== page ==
ECPR

Install the app

Install this application on your home screen for quick and easy access when you’re on the go.

Just tap Share then “Add to Home Screen”

ECPR

Install the app

Install this application on your home screen for quick and easy access when you’re on the go.

Just tap Share then “Add to Home Screen”

Back to Paper Details

How to Assess the Liberal Legitimacy of Established Religion

Political Theory
Religion
Liberalism
Sune Lægaard
University of Roskilde
Sune Lægaard
University of Roskilde

Abstract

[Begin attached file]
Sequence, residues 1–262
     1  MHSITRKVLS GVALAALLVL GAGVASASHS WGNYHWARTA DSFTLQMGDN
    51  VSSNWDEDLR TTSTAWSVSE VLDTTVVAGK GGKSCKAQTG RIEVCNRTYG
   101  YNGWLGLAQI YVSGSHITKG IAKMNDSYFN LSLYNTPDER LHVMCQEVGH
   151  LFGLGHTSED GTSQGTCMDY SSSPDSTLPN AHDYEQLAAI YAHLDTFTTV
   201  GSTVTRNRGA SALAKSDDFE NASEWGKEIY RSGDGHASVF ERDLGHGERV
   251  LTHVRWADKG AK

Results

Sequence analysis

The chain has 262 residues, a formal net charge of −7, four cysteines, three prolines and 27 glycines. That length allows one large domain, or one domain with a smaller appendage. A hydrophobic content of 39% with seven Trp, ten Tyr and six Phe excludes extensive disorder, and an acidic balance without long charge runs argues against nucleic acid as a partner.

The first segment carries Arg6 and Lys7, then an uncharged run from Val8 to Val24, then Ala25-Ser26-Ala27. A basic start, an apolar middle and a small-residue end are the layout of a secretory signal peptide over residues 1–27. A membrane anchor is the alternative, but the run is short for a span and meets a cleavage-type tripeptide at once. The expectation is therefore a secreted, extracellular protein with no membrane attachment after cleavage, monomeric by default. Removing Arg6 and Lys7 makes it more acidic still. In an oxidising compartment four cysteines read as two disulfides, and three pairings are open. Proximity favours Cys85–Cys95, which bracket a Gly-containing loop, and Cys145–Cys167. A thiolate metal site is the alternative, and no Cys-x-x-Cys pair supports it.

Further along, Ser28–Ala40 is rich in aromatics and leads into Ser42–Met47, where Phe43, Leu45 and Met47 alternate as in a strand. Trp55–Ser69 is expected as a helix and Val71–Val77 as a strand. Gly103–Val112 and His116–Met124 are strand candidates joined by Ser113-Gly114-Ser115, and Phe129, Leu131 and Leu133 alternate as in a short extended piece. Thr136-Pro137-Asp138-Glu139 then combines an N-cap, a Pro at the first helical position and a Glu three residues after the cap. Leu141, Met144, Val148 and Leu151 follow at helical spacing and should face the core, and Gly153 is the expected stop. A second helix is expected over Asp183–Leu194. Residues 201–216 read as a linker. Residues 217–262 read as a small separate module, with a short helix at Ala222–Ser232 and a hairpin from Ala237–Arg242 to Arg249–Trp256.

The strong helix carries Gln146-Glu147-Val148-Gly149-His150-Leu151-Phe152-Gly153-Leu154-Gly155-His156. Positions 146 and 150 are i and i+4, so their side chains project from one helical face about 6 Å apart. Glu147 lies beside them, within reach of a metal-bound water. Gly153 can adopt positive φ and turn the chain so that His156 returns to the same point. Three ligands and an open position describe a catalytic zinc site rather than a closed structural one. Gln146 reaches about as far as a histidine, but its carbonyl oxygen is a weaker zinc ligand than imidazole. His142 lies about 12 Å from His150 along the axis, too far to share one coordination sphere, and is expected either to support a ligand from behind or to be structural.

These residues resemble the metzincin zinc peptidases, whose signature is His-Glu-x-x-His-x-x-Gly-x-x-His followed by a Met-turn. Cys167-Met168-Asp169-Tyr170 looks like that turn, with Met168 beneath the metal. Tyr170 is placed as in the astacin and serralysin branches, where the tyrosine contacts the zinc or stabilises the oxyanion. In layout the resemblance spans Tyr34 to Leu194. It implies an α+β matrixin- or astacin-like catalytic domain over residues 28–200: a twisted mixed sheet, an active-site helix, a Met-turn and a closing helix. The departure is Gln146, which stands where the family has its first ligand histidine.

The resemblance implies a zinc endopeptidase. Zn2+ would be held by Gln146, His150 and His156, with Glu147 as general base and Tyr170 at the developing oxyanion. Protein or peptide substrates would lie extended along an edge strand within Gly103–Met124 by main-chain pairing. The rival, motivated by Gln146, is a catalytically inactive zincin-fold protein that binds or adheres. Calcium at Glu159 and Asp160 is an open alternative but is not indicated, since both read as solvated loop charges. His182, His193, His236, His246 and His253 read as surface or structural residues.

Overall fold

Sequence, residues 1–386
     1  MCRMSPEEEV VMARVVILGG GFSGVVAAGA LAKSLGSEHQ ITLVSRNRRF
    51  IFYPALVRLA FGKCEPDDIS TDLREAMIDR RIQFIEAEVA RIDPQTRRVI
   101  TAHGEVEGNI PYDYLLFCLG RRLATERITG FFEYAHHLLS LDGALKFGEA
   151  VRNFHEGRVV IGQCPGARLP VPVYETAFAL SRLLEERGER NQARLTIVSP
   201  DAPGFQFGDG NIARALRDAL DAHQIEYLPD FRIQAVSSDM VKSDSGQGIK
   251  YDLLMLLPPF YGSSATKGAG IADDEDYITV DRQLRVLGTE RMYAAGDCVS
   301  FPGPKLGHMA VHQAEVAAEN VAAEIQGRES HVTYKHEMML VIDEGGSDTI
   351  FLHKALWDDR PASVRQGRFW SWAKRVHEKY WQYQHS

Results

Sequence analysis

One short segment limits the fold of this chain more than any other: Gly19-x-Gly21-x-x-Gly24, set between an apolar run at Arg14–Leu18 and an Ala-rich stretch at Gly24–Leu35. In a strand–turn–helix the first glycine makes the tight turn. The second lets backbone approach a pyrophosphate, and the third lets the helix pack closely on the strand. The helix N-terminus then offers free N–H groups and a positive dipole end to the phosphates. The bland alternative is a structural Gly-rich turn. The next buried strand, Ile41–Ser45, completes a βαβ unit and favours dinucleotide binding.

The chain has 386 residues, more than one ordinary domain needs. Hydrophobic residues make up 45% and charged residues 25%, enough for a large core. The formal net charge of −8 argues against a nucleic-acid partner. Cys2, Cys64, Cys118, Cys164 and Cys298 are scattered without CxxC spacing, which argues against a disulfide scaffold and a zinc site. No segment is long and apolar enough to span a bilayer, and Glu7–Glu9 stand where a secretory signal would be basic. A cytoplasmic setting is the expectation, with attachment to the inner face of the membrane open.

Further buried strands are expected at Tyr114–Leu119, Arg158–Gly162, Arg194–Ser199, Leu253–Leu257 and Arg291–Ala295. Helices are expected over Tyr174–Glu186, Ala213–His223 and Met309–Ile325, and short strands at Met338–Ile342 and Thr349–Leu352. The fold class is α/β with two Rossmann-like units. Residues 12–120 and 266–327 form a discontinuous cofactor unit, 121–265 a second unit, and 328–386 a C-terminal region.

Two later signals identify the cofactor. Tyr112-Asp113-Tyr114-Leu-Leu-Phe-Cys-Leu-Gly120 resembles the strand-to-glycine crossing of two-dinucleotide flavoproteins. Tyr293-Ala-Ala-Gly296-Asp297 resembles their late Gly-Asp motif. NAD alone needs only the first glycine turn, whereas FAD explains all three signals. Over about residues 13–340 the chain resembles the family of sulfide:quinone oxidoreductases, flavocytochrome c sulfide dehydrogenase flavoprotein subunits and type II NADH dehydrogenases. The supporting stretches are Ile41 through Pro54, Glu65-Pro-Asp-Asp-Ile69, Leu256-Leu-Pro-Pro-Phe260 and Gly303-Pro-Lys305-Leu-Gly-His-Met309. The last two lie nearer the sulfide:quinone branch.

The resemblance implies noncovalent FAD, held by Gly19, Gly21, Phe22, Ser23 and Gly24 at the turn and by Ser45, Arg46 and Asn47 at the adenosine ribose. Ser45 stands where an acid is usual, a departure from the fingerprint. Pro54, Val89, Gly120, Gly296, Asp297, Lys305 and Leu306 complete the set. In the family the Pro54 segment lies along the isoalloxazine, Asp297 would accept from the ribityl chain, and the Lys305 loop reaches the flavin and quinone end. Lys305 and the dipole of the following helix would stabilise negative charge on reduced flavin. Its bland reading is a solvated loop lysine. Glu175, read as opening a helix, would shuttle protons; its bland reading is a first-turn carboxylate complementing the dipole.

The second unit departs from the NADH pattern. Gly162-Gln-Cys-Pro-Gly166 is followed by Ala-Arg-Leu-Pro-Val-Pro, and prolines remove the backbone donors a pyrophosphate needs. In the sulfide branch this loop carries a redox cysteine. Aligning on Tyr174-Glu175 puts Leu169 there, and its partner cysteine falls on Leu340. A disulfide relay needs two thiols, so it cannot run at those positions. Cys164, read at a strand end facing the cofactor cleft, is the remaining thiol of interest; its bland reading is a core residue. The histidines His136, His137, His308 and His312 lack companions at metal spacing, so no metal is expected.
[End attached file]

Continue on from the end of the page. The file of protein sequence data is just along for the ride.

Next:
Liberalism has traditionally been associated with the view that church and state, as well as politics and religion more generally, should be separated. Recent works on the liberal political philosophy of religion has, however, qualified and even challenged this orthodox understanding. A prominent example of this is Cécile Laborde’s Liberalism’s Religion (2017). Laborde argues for a disaggregation approach according to which religion is not special as such but can be disaggregated into several different more general categories, each of which trigger different liberal values. According to Laborde’s minimal secularism, church and state should be separated when an established church violates a liberal constraint against excluding social groups from full citizenship, but not if establishment is not exclusionary. This view resonates with ordinary concerns about established religion, according to which the problem with state support for or endorsement of a specific church or religion has to do with the message this sends about minority religious groups. The question, however, is exactly how the requirement of civic inclusiveness and the corresponding constraint against exclusion should be understood and operationalized in practice. Several suggestions have been formulated in the literature. Some theorists focus on subjective feelings of alienation among minority religious groups. Other theorists focus on the objective message sent by establishment. The paper considers different ways of specifying this criterion of exclusion in a minimal secularist theory and points to a number of problems with both the standard subjective and objective proposals. On this basis, the paper considers possible alternative specifications which both avoid the problems with subjective accounts and objective symbolic equality accounts.